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News: WebSphere toolkit may be tough sell for Lotus Developers

  1. Early indications are that IBM Lotus' first concrete step toward integrating Domino and WebSphere may be off to a slow start. An article on techtarget discusses developers experiences with the toolkit, complaints about development and maintenance problems of migrating to J2EE, etc.

    Read WebSphere toolkit may be tough sell for Lotus Developers.

    Threaded Messages (5)

  2. It's J2EE or nothing![ Go to top ]

    This is yet another example of how mindlessly companies integrate and hype J2EE when, in many cases, it's an inferior solution.

    But, hey, in today's IT shop it's J2EE or nothing. I'll take the nothing, thank you very much.
  3. It's J2EE or nothing![ Go to top ]

    Hi Jeffrey,

      You might find more constructive uses of your energy writing about topics that you have some experience with, like Smalltalk.

      While it sounds like this implementation got botched, the goal of integrating Lotus with Domino is a very smart one for IBM. I work in a large enterprise that is under pressure to throw out their large Lotus installation in favor of something that is easier to support, like Exchange. Lotus is hard to support because the company does not have a lot of seasoned Lotus developers, because there are not a lot of seasoned Lotus developers.

      However, the company does have a lot of J2EE developers. So, Lotus becomes a much more attractive platform to my employer if J2EE developers can now maintain and extend the platform.

      So a workable J2EE integration solution would allow IBM to retain a lot of licensing and support revenue. Pretty smart.
  4. I believe that everybody could recognize IBM's intentions with Lotus Notes & Domino when the Release 6 came out; the intention was to let this platform die and migrate both customers and developers to WebSphere. It really stroke me when I saw that they didn't integrate support for relationality (joins & co.) with a relational datastore, such as their DB2, into the new Domino version.

    Either way, since it's been clear that IBM was going to lay off that platform, it's a good move that they start putting out toolkits to integrate Domino databases to J2EE solutions. Instead of integrating Domino data into WebSphere components, they should rather show up with some kind of integration of WebSphere back-end and data into Lotus Notes front-end. THIS would be of much bigger help for everybody. What about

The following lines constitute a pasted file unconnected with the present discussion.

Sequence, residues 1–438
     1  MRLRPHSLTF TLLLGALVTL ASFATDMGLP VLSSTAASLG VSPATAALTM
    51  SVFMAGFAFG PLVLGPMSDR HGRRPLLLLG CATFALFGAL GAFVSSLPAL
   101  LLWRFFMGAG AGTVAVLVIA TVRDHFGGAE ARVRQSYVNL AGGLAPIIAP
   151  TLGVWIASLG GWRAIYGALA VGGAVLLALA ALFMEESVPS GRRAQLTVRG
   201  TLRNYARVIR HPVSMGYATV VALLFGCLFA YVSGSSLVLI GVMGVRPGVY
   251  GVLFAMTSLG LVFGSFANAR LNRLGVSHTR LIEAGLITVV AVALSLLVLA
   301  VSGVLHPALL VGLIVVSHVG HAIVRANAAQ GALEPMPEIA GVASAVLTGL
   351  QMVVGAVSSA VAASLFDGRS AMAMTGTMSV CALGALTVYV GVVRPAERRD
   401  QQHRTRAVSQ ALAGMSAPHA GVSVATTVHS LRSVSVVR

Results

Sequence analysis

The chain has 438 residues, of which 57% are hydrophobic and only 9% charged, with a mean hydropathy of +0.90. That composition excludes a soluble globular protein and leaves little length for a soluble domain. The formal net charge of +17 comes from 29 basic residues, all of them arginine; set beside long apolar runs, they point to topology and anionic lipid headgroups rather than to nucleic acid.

- having "WebSphere agents" that call a session bean on the app server
    - having a NotesDocument access getters/setters of a JavaBean
    - having a NotesView pull it's data from a query on WebSphere

    But I guess this would let the Lotus Notes / Domino platform survive even a little longer, wouldn't it Mr. IBM?

    Regards,

    KarolR
  5. DB2 as an optional datastore[ Go to top ]

    DB2 will be an optional datastore in the next major feature release of Domino, expected next year.

    Lotus Notes and Domino may be legacy products, but they are not dead. As a parallell effort to enhancing Notes/Domino, IBM Lotus is building its next generation collaboration software ("Lotus Workplace") on a standards based architecture (J2EE, RDBMS, LDAP).
  6. I found your comments interesting.

    As a J2EE Developer who is also a domino developer I understand the advantages of both. Domino is a great RAD framework for simple applications and one of the things that makes it quick is the fact that you don't really have to care about the underlying data structure. The cost of this relates to the fact that the concept of a join is hard to achieve... but it is well known that you should not attempt to store relational data in domino - that is what DB2 (and Oracle etc.) are for.

    In relation to your other points:

    > - having "WebSphere agents" that call a session bean on the app server

    I assume you mean Domino agents - this can be done now, the only drama that you get is that it is running from a second JVM. ND6 made this heaps easier by giving you a more modern JVM.

    - having a NotesDocument access getters/setters of a JavaBean
    This could be easily done now.

    - having a NotesView pull it's data from a query on WebSphere
    The Domino API already allows you to do this via DIIOP.

    ND6 was a big step forward for java integration... I ask why they still have those "recycle" methods that you need to call.